Sunday, September 03, 2006

Making It to and through College

Diana Jean Schemo wrote a fascinating story in Saturday's New York Times, "At 2-Year Colleges, Student Eager but Unready." The problem:

As the new school year begins, the nation’s 1,200 community colleges are being deluged with hundreds of thousands of students unprepared for college-level work.

Though higher education is now a near-universal aspiration, researchers suggest that close to half the students who enter college need remedial courses.

That's an astounding figure. What was high school if not the place to get the basic skills? The article continues:

Michael W. Kirst, a Stanford professor who was a co-author of a report on the gap between aspirations and college attainment, said that 73 percent of students entering community colleges hoped to earn four-year degrees, but that only 22 percent had done so after six years.

“You can get into school,” Professor Kirst said. “That’s not a problem. But you can’t succeed.’’

Nearly half the 14.7 million undergraduates at two- and four-year institutions never receive degrees. The deficiencies turn up not just in math, science and engineering, areas in which a growing chorus warns of difficulties in the face of global competition, but also in the basics of reading and writing.

I could understand the need for remedial work if I thought 4-year college admissions were extremely competitive. They certainly are at the most selective institutions, with Harvard, Yale, and Princeton all around 10 percent acceptance rates. But this is not universally true. A quick look at the US News rankings (here's a recent summary) shows that even the top public universities are likely to admit half or more of those who apply.

Low standards--and our high school graduates are still not meeting them. This is a crisis that should be getting more attention.


Carey Heckman '76 said...

FYI, Mike Kirst graduated from Dartmouth in 1951 and from Tuck in 1952. He is a leading authority in K-12 education.

Carey Heckman said...

My bad. I meant 1961 from Dartmouth, 1962 from Tuck.

Tom C said...

Well, where to begin? More college spaces than ever; more people applying to college than ever, from lower and lower levels of scholastic achievement than ever...and we are somehow surprised that many of these people in many of these spaces are not as "prepared" as the imagined and fondly remembered undergraduate of yore? Oh, puh-leeze.

I don't get it...aren't CCs supposed to be a "prep" college that takes almost all of the bottom-rung of candidates and does its best to launch them into a successful 4-year program? Isn't that what we're paying community colleges to do?

Why do they whine so much about their job? Watching Paper Chase one too many times? They're supposed to take the relatively unprepared, and help them straighten out; did they think that the kids who got wait-listed at Cornell were going to be in the front row?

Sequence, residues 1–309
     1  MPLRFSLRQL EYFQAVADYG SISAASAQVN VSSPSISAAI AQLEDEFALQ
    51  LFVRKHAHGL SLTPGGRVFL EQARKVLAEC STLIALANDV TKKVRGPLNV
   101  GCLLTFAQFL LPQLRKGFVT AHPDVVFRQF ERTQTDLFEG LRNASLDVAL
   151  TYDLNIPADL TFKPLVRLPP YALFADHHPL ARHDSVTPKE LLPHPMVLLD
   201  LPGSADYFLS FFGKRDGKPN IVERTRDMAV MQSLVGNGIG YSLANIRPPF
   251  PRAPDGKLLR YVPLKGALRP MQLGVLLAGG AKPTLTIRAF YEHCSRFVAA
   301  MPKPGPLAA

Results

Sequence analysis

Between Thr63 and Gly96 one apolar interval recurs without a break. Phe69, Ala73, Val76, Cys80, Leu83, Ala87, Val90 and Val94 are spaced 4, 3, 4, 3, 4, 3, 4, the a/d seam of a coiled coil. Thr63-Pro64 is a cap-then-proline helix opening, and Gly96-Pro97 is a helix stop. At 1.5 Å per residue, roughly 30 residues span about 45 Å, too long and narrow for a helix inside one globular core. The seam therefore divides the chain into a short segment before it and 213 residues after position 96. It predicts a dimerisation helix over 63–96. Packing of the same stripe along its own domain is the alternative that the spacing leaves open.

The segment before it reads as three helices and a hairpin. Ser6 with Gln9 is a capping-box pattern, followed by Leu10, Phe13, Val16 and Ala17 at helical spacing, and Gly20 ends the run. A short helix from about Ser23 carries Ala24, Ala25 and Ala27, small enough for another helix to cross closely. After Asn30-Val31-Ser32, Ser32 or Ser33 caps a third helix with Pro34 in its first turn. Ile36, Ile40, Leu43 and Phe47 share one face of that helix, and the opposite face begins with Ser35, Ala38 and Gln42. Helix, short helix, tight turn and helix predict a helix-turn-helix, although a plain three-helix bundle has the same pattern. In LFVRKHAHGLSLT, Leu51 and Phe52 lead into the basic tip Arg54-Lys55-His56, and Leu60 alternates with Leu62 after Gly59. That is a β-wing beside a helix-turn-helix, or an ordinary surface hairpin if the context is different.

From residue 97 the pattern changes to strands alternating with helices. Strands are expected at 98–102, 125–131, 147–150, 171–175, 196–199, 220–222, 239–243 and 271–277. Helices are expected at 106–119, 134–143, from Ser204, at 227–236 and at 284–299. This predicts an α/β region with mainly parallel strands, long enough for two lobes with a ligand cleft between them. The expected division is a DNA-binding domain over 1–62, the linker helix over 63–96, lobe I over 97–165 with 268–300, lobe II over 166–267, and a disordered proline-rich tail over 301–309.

And, what about the personal responsibility of the actual kids in school? By the time someone is 18, 19 years old, they are finally old enough to be told the one pays for "good try", no one cares if you just had to go out with your buds and party last night...and if you want the degree, you actually might have to use your head and study.

I could go on all night. If we are going to live in a world where almost everyone has to accomplish a degree in a system designed for only the elite to succeed, it is not surprising that we will fail more often than not. We all knew people in high school who simply were never going to be successful in college. Now they go to school for a year or two and drop out, and this is a failure of the system. Grrrr.

Anonymous said...

A couple of weeks ago on 20/20 they did a whole segment on high school education in the US. Compared to the rest of the world we are really doing pretty bad. Thier solution? Create a competive environment within the system. Make the schools compete among themselves and give the parents a choice of which school to send their child to.

I think this is a great idea. A perfect example of how this would work? Look at how the cellular phones compete for our business. The schools would get better, we would be sending a more prepared student to college.

Just a thought.

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Aaron said...

I'm from Canada, so differences between our university systems might affect the relevance of my points here.

At my University, the government gives 2 dollars for every one dollar paid by a student in tuition.

So if tuition is $6,000, different levels of government fork out $12,000 for a total of $18,000.

The university gets paid regardless of whether or not the student passes.

And so we see university recruitment budgets swell, while student learning assistance tends to lag somewhat.

The primary purpose of universities then becomes centered on getting students to sign up rather than passing them through.

There's probably some underlying institutional economics at work, because we see most Econ 101 classes with 300 plus students (computer-graded Scantron/bubble sheet multiple choice exams taught by a prof with a Master's Degree) where the 3rd and 4th year classes might have 30 students (who get tons of reading handouts, term papers and tenure-prof-graded exams).

On a per-student basis, the Econ 101 class has a higher "profit" margin, the proceeds of which can be used to fund higher level Senior and graduate classes, assistantships, fellowships, etc.

It almost makes sense for universities to flunk people out, or at least allow them to. I'm not complaining at all; I've already finished my degrees, so they're helping to restrict the supply of them on the market. :)